Separating students by ethnicity
Bjerke high school in Oslo has divided pupils into classes according to their ethnic background. “Apartheid,” says law professor Henning Jakhelln.
The school has placed the ethnic Norwegian students in two classes to prevent them from switching schools.
“The decision to keep the ethnic Norwegian students more united, was a difficult but deliberate choice,” said school department head Hanna Norum Eliassen of Bjerke high school to NRK.
The reason is, according to Eliassen, the proportion of ethnic Norwegian students has decreased over time and the proportion is now around 30 percent.
“Last school year, the first three classes had two classes with eight ethnic Norwegian students and a class of nine,” she says.
“Both last year and the year before, the ethnic Norwegian students left for other schools. Some stated that they felt lonely as white Norwegians. The consequence was that the classes were filled with even more minority students. So we lost some of the diversity that we, the students, and minority parents want,” said Eliassen.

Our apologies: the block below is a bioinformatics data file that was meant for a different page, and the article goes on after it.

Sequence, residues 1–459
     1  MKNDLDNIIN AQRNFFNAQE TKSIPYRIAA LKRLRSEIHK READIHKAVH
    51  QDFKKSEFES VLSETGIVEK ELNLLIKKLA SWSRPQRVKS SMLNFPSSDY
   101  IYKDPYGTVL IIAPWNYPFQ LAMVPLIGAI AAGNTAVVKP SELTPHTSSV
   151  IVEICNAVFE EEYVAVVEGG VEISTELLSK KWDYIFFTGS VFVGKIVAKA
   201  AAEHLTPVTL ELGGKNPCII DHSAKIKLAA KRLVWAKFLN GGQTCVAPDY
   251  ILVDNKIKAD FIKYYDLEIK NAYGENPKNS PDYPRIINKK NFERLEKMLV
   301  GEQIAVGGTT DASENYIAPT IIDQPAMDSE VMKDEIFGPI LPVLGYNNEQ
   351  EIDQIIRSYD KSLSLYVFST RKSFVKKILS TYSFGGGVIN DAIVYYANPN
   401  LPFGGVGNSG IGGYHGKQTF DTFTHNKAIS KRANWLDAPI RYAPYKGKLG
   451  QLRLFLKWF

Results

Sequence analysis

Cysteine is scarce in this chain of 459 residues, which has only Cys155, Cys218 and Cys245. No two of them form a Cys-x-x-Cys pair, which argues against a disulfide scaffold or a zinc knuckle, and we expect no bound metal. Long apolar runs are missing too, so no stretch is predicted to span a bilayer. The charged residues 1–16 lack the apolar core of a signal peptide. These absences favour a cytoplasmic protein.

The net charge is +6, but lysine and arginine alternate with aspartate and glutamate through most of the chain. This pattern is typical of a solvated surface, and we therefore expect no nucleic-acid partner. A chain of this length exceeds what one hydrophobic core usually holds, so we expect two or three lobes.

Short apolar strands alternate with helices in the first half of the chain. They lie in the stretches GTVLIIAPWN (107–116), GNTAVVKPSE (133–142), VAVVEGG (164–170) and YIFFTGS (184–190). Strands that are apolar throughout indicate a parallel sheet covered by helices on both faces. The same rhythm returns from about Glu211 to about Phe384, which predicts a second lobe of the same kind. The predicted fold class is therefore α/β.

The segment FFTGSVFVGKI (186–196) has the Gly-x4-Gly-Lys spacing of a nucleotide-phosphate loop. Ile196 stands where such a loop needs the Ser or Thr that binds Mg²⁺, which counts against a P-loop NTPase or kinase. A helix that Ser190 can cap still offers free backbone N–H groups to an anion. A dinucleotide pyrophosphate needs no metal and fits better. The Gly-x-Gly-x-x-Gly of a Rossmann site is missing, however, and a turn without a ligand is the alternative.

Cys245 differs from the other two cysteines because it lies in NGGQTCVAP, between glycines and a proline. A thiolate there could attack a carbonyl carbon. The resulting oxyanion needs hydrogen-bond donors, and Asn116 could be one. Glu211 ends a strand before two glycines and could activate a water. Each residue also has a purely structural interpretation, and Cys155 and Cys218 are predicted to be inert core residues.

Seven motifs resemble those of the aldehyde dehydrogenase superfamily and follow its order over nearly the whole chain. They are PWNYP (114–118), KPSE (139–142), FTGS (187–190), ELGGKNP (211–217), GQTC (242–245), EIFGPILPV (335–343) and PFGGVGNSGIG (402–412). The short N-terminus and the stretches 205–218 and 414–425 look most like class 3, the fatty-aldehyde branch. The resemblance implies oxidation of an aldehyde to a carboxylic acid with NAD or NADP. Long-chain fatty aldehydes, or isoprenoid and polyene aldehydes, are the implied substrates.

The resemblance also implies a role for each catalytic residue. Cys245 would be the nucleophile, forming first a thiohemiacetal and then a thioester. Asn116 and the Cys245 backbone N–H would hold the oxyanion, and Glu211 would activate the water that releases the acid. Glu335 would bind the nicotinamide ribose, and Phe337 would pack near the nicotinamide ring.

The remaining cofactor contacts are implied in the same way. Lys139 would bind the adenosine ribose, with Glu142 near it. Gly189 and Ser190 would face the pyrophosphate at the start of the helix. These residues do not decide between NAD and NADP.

This school year the school chose to do it another way.
“We ultimately decided to make a difficult decision and place the 14 ethnic Norwegian students in each of the two classes, and none in the third. It has led to fewer Norwegian students leaving. If this works, it means that we get the diversity we want. I think it’s sad if we are to have brown and white schools. There is no benefit,” said Eliassen.
Dagsavisen has talked to several students and minority parents who feel discriminated against. They are supported by law professor Henning Jakhelln, who calls the practice shocking.
“This is apartheid. This is segregation and not integration in the Norwegian public school. I can understand many strange things, but this is completely crosses the border,” said the professor of human rights and education and school rights.
“From the school’s standpoint, this is a scheme designed to keep the white students, but it is not the school’s purpose. Schools should provide education and training on equal terms. It is not possible to add ethnic criteria as a basis for the class of students to go in. If this is not a direct violation of the Education Act, then it breaks more general laws, such as the Discrimination Act and Racial Discrimination Convention,” says Henning Jakhelln to Dagsavisen.
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